Q. 204.3( 4 Votes )
The Civil Disobed
a. Rich peasants
The Civil Disobedience Movement was an active movement which was introduced to break certain laws, commands and demands of the government or of occupying international power. It is the movement that symbolizes the violation of certain laws rather than the rejection of the system as a whole. The movement saw the wide participation of many social groups including the rich peasants.
The rich peasant communities, like the Patidars of Gujarat and the Jats of Uttar Pradesh, were active participants of the movement in the countryside. The Great Depression had affected the rural peasants and farmers. Agricultural prices began to fall from 1926 and declined sharply after the 1930s. As the demand for agricultural goods fell in the domestic and international market, exports declined and there was a persistent glut of commodities. Though the agricultural prices fell sharply, the colonial government did not reduce their revenue collection. The peasants found it difficult to sell their harvests and pay their revenue.
The refusal of the government to reduce the revenue led to widespread protests and movements. The rich peasants became active supporters of the Civil Disobedience Movement for this cause. They actively organised the members of their communities, to participate in the boycott movement. For them, the fight was a struggle against high revenues and taxes.
b. Poor peasants
The Great Depression had affected the rural peasants and farmers. Agricultural prices began to fall from 1926 and declined sharply after the 1930s. As the demand for agricultural goods fell in the domestic and international market, exports declined and there was a persistent glut of commodities. Though the agricultural prices fell sharply, the colonial government did not reduce their revenue collection. The peasants found it difficult to sell their harvests and pay their revenue.
The poorer peasantry was not just only in the lowering the revenue collection by the government. Many of them were small tenants cultivating in rented lands. They had to pay their rent and a share of their produce to the landlords. As the Depression continued and their incomes reduced, the tenants found it difficult to pay their rents. They wanted the unpaid rent to the landlord to be remitted and settled. They joined a variety of movements upholding their interests. But this often led to the displeasure of the rich peasants and landlords. Thus for them, it was a struggle against high revenue and rents.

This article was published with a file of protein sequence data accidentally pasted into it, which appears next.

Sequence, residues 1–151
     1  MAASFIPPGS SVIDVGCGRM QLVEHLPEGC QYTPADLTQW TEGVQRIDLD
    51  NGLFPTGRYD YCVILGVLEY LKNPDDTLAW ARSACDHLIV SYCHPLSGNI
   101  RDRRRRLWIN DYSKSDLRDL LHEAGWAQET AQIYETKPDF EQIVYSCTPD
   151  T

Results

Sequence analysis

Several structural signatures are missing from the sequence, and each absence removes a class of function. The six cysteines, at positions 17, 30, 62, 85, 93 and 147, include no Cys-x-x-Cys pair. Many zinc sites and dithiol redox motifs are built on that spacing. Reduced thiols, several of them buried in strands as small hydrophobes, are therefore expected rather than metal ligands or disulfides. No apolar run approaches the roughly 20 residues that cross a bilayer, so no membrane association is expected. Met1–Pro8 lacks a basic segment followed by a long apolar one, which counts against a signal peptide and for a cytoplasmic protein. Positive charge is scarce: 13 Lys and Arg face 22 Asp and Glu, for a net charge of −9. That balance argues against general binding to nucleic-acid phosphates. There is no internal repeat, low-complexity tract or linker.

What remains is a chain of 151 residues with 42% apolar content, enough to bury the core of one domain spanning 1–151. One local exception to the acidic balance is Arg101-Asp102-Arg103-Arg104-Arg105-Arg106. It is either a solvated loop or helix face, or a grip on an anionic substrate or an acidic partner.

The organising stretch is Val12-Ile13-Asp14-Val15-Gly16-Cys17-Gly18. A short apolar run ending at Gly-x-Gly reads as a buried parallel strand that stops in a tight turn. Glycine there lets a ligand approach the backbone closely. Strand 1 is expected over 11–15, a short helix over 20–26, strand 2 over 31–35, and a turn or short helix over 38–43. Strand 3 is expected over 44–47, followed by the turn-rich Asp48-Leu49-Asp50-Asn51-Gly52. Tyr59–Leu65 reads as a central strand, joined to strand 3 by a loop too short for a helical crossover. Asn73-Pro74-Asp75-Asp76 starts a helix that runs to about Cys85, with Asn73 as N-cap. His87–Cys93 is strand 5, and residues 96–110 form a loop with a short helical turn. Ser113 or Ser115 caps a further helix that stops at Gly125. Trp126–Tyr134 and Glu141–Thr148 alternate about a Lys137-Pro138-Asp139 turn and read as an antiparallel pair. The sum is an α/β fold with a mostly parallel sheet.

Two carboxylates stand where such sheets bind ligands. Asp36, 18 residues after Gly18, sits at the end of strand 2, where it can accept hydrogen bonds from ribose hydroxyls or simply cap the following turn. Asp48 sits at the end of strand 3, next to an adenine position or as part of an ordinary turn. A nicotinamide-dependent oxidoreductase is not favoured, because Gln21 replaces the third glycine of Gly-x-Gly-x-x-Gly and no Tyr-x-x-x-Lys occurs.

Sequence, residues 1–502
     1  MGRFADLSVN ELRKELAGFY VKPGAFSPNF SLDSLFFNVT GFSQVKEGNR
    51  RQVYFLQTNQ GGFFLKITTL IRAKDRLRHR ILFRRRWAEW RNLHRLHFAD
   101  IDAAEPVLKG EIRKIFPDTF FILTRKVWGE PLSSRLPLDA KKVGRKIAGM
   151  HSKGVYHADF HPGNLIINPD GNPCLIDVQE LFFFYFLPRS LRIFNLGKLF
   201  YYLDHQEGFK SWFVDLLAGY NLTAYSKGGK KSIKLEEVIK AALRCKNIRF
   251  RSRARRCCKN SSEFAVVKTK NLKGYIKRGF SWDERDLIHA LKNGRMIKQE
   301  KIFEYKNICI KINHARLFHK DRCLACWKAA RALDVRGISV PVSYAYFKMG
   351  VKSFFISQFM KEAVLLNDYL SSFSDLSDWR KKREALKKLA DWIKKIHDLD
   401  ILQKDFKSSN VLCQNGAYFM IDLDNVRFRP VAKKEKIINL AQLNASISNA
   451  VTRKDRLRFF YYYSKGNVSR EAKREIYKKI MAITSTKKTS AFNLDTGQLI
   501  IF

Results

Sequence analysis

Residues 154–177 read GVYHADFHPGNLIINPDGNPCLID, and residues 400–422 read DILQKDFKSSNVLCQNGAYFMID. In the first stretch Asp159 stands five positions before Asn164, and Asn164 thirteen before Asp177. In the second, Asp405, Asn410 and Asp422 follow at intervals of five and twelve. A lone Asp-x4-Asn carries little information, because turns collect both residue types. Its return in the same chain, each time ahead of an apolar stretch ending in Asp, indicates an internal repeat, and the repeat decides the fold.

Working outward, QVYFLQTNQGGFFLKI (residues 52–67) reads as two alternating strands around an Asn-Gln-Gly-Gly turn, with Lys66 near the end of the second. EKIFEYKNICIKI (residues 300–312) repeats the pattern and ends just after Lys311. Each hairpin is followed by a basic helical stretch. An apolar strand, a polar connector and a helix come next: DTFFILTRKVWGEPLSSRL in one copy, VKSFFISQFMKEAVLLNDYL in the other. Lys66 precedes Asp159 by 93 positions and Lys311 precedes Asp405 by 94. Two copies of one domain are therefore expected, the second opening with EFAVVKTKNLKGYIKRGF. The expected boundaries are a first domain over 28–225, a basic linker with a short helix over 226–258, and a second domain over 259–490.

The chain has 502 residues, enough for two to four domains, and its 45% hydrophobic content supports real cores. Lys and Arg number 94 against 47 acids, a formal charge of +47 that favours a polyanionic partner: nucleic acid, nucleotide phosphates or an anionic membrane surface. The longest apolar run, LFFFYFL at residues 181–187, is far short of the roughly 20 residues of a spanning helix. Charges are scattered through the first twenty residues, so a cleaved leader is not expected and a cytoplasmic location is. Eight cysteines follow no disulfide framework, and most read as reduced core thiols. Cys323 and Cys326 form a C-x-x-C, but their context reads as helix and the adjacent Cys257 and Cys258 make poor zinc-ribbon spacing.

c. Business classes
During the First World War, Indian merchants and industrialists had reaped huge profits and had become powerful. While expanding their business they started reacting towards the limiting policies of the British government that restricted the business activities in India. They wanted protection from imported goods from foreign countries and tax exemption for goods produced in the domestic market. To organize the business interest, they introduced the Indian Industrial and Commercial Congress (IICC) in 1920 and the Federation of the Indian Chamber of Commerce and Industries (FICCI) in 1927.
IICC and FICCI were led by prominent industrialists like Purshottamdas Thakurdas and G. D. Birla. They criticised the colonial control over the economy and trade. They supported the Civil Disobedience Movement by providing financial assistance and refused to buy and sell imported goods.
d. Industrial working class
The movement did not witness the wide participation of the industrial working classes, except in the Nagpur region. The main reason for this was the active participation of the big industrialists. The industrialists stood against the limiting policies of the British government that restricted the business activities in India.